Ai Weiwei: Never Sorry. Directed by Alison Klayman. 2012. (Documentary, 96 min.)
Ai Weiwei: Never Sorry tells the story of Ai Wei Wei, perhaps the most famous Chinese artist on the international art scene today, and his fight against the Chinese government. Director Alison Klayman uses interviews to weave together the stories of Ai the artist and Ai the activist into a critically-acclaimed debut documentary film. As Klayman follows Ai around China and abroad, it becomes clear that that the two aspects of Ai are inseparable.
One of Ai’s art/activism projects that demonstrates this is “Citizens’ Investigation.” By collecting information and publicizing it in the immediate aftermath of the 2008 Sichuan Earthquake, Ai and his team of volunteers do the work that they feel the government should be doing—but isn’t. Klayman avoids making any direct political commentary, yet she unabashedly depicts Ai’s struggle with free speech against a government that comes off as anything but transparent.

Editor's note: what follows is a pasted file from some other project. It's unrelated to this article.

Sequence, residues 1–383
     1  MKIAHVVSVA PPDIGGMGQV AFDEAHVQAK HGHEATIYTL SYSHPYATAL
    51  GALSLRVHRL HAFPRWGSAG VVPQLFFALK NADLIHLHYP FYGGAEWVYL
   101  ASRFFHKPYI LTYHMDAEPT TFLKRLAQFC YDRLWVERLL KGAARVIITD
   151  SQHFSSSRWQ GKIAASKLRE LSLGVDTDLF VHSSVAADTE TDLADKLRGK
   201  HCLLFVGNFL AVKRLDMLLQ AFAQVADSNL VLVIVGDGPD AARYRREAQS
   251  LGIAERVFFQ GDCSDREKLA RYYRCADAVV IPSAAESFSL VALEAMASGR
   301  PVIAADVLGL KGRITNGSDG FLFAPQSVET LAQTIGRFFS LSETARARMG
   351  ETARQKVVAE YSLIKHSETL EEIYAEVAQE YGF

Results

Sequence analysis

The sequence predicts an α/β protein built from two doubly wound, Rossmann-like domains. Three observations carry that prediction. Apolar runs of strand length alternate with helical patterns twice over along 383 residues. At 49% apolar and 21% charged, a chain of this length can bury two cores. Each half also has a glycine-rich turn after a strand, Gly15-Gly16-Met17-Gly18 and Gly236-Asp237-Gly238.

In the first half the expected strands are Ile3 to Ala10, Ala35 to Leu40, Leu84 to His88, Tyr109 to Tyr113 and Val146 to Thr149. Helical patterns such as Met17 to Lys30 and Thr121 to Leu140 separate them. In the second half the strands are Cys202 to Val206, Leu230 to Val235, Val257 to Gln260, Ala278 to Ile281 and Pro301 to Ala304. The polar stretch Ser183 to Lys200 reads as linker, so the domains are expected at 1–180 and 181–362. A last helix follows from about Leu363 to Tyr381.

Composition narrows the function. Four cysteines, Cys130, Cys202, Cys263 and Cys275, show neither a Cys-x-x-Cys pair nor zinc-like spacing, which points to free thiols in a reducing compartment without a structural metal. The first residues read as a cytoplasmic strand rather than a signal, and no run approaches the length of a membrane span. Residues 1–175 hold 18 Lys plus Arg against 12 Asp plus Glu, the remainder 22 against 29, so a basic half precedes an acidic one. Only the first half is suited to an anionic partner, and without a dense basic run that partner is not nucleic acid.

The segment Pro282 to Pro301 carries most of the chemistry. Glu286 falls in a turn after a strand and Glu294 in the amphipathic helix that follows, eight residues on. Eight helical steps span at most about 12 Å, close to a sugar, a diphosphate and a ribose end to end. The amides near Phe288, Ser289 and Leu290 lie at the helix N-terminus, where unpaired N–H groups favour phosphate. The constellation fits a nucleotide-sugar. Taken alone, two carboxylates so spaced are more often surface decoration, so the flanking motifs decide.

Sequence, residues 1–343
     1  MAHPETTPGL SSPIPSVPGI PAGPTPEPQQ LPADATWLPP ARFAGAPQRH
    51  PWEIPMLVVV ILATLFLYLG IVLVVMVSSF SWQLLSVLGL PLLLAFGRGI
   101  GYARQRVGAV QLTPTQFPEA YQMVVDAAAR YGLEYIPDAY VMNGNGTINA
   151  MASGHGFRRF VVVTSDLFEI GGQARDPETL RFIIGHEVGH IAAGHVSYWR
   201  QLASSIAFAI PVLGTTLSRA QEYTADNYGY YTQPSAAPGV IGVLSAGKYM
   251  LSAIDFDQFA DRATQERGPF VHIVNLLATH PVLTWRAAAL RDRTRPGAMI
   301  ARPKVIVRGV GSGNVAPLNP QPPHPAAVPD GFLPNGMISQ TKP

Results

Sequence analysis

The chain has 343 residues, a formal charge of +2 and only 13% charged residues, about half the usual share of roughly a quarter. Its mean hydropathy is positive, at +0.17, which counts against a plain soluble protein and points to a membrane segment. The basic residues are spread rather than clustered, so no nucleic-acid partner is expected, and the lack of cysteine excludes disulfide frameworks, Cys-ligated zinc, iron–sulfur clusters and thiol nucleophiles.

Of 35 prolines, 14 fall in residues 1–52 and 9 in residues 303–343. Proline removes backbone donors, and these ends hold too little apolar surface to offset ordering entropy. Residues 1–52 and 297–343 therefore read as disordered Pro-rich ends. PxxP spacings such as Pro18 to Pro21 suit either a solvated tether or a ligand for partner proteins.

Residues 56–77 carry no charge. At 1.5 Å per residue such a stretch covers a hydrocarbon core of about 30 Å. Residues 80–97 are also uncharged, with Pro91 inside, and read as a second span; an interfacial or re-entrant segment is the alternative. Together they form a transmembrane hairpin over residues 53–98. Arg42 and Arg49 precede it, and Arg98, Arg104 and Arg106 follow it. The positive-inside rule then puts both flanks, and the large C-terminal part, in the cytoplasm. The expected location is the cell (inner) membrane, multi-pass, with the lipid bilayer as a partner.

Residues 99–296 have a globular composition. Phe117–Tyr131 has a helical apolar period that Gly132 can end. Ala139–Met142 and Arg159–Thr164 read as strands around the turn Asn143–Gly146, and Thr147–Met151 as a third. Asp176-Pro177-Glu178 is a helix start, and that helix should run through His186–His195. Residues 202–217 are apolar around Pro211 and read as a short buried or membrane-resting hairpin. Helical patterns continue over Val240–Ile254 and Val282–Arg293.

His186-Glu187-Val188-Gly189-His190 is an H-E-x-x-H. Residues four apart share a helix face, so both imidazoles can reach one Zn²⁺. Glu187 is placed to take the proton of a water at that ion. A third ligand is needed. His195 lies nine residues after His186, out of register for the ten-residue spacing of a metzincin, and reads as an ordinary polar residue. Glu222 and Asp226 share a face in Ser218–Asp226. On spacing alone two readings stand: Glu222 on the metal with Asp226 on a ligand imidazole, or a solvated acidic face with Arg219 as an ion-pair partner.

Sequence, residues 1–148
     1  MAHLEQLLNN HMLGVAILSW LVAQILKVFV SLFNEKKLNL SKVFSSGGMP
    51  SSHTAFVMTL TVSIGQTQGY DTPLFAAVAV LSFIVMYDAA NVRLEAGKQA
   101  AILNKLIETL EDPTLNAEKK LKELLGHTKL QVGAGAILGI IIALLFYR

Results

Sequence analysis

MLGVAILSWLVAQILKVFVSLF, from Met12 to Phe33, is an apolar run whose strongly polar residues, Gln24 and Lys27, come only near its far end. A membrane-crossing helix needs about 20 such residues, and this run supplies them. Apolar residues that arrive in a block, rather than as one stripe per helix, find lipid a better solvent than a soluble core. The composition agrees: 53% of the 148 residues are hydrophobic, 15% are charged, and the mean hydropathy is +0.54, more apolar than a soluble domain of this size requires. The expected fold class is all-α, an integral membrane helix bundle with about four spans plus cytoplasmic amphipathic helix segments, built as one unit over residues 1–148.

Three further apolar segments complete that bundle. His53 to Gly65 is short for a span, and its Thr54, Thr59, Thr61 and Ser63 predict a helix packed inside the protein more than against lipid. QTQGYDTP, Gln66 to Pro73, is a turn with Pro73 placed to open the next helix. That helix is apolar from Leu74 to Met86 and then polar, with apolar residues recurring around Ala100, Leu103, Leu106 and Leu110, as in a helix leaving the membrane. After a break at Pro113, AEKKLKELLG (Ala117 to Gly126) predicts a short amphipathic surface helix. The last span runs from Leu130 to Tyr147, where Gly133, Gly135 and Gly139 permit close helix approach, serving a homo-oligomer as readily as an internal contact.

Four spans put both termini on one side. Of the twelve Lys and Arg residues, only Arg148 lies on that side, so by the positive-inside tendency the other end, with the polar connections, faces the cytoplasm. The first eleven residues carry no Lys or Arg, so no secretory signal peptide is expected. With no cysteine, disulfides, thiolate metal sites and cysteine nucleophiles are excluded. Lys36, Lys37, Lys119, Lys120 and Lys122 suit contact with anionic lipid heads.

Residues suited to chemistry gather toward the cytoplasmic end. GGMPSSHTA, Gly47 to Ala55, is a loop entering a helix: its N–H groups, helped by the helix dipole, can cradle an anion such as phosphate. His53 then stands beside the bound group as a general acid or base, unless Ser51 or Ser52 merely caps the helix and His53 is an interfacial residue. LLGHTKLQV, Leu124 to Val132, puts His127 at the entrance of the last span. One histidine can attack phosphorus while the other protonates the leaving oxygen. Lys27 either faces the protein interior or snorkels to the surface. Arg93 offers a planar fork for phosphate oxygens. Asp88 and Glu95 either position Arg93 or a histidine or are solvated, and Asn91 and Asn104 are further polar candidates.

Featuring “Citizens’ Investigation” provides insight into the artist’s way of thinking and working, as well as his ability to connect with people. For example, Ai uses social media like Twitter and blogging to make his personal struggles with the government—a physical assault, the razing of his house—instantly global. Ai appears determined to make his voice heard all over the world, which makes his sudden disappearance and resulting silence, halfway through the film, particularly poignant.
Ai is eventually released by the government, whereupon he continues his activism. At this point Klayman shows us Ai’s translation of information about the disaster into artworks celebrated by the Western art world. Among the works featured is an installation of backpacks (symbolizing the thousands of children who died in the disaster in school collapses, blamed on allegedly poor building construction), called “Remembering,” in the 2009 show So Sorry. This work is just one example of how Ai’s political acts become his art and vice versa.
Ai is an important cultural and political figure of our time. Thus, this documentary is recommended to all, and especially to those who wish to learn more about the 2008 Sichuan Earthquake and Ai’s frustration with the Chinese government’s handling of the disaster.
Ashanti Shih, Yale University